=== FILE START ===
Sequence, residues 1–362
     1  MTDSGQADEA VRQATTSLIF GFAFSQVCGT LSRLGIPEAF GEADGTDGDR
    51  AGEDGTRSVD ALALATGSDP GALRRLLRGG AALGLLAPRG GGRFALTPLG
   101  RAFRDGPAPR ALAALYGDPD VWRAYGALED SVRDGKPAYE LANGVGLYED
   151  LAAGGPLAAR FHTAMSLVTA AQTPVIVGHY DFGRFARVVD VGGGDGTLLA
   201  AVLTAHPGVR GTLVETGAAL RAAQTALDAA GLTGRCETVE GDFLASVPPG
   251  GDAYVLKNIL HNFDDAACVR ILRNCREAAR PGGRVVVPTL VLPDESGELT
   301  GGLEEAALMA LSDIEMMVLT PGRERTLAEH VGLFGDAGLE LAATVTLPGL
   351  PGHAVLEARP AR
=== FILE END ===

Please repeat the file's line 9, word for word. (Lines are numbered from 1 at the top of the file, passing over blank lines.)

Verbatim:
   351  PGHAVLEARP AR